# Riemannian Geometry , Levi-Civita connection, metric form q

## Main Question or Discussion Point

Conventional GR is based on the Levi-Civita connection.

From the fundamental theorem of Riemann geometry - that the metric tensor is covariantly constant, subject to the metric being symmetric, non-degenerate, and differential, and the connection associated is unique and torsion-free - the connection can be determined by the metric from a relativity simple formula.

BUT , doesn't whether the metric is symmetric or not, depend upon the choice of coordinates when specifying the metric. E.g- Schwarzschild metric given in spherical polar coordinates is diagonal, and so symmetric.
However, the extended Schwarzschild metric in Eddington-Finkelstein coordinates is not diagonal, contains a dudr term, but not a drdu term. Does this mean that for the metric in Eddington-Finkelstein coordinates , the connection can no longer be simply computed from the metric?

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Matterwave
Gold Member
The metric is always symmetric. This is in the definition of a metric.

When people write out the metric in the familiar $ds^2=-dt^2+...$ form, they are actually writing out the contraction $ds^2=g_{ij}dx^i dx^j$. But since $dx^idx^j=dx^jdx^i$ the $g_{ij}$ and $g_{ji}$ terms just get added together so you don't see both terms, just the combination $g_{ij}+g_{ji}=2g_{ij}$.

The metric is always symmetric. This is in the definition of a metric.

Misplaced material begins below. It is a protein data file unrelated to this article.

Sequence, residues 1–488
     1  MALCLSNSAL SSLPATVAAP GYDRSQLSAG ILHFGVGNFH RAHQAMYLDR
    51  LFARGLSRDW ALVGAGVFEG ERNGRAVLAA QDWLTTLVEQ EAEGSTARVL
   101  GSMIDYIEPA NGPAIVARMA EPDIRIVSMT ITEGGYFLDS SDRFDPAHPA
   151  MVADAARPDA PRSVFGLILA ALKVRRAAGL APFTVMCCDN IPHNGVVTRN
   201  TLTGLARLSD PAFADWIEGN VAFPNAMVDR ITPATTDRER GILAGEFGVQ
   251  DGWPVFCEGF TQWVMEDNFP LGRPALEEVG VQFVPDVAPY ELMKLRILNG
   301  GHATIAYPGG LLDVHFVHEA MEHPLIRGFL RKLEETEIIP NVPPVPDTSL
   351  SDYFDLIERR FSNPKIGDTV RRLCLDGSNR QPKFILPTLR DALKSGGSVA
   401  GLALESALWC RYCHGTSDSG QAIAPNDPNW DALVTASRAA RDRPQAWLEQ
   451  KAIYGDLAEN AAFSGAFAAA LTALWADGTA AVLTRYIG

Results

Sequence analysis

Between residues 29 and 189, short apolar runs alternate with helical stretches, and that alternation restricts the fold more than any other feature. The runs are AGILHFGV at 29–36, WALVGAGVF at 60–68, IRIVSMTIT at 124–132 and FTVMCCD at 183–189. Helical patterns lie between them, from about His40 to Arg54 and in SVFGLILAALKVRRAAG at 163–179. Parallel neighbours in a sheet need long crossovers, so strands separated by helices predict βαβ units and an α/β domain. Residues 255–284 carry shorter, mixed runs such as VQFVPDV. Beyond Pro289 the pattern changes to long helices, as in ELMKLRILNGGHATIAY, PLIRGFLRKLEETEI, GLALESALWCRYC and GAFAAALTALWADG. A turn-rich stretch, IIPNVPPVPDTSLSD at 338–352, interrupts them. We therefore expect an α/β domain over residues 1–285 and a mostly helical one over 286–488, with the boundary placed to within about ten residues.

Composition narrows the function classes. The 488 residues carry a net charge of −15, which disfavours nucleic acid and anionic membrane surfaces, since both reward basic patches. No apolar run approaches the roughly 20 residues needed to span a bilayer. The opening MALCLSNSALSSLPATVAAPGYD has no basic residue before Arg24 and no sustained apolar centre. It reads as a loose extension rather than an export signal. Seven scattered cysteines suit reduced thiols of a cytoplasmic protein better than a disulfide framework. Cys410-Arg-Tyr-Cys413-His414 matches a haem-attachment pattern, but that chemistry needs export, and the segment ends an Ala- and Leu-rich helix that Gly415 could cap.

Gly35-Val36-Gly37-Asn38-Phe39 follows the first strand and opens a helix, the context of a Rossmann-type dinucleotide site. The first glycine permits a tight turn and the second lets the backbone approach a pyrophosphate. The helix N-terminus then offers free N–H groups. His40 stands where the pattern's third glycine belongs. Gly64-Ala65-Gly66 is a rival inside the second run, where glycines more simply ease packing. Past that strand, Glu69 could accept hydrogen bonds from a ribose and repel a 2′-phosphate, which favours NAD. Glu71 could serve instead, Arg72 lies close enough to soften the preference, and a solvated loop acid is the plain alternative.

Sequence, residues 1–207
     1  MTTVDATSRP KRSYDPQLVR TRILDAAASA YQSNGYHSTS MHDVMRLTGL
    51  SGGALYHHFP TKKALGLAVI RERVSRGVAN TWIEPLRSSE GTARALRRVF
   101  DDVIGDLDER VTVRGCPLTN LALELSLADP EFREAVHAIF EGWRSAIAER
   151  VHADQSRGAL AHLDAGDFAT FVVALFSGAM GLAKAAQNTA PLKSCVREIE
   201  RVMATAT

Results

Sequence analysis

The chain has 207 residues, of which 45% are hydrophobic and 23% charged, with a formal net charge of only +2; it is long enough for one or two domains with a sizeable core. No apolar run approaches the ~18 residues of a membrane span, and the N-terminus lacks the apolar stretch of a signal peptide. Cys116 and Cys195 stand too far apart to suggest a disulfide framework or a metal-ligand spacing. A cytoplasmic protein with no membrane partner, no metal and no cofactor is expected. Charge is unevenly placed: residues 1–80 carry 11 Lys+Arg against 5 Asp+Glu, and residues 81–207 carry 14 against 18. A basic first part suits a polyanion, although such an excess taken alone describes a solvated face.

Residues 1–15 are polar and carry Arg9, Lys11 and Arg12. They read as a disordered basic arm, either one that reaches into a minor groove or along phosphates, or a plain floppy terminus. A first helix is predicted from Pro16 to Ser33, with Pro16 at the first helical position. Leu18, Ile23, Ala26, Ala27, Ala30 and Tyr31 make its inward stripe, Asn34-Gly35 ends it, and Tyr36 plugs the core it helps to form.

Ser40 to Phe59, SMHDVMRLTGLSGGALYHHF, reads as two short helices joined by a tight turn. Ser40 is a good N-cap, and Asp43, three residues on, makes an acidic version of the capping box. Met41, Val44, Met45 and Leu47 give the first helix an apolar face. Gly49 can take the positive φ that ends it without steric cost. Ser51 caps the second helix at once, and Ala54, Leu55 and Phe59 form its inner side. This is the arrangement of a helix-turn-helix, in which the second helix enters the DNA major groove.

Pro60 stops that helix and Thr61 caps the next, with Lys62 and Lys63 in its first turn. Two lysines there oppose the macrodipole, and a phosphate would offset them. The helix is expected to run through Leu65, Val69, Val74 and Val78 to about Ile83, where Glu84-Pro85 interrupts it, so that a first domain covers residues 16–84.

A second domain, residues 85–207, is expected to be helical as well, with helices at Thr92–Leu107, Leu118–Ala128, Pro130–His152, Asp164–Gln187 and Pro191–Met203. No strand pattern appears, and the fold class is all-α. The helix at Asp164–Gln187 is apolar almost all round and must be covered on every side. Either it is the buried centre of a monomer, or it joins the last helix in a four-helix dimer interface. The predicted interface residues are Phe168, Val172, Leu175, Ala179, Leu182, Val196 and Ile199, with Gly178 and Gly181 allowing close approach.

Is this true for any geometry and not just Riemannian?

Nugatory
Mentor
Is this true for any geometry and not just Riemannian?
If the metric were not symmetric, then the dot product of two vectors would not be commutative.

lavinia
Gold Member
Mathematically, inner products are symmetric by definition. In a coordinate system you are merely expressing the inner product ( in fact any tensor) in terms of the coordinates. You are not changing it in any way.

ChrisVer
Gold Member
If the metric were not symmetric, then the dot product of two vectors would not be commutative.
It would be anti-commutative , like Grassmann variables...
But wouldn't that make a very weird universe?? It blows my mind to think that $r \theta = - \theta r$

Matterwave
But wouldn't that make a very weird universe?? It blows my mind to think that $r \theta = - \theta r$
It wouldn't have to be "anti-commutative" unless it were totally anti-symmetric. A general tensor will have both symmetric and anti-symmetric parts. Usually the term "anti-commutative" means that variables anti-commute $\{a,b\}=0$.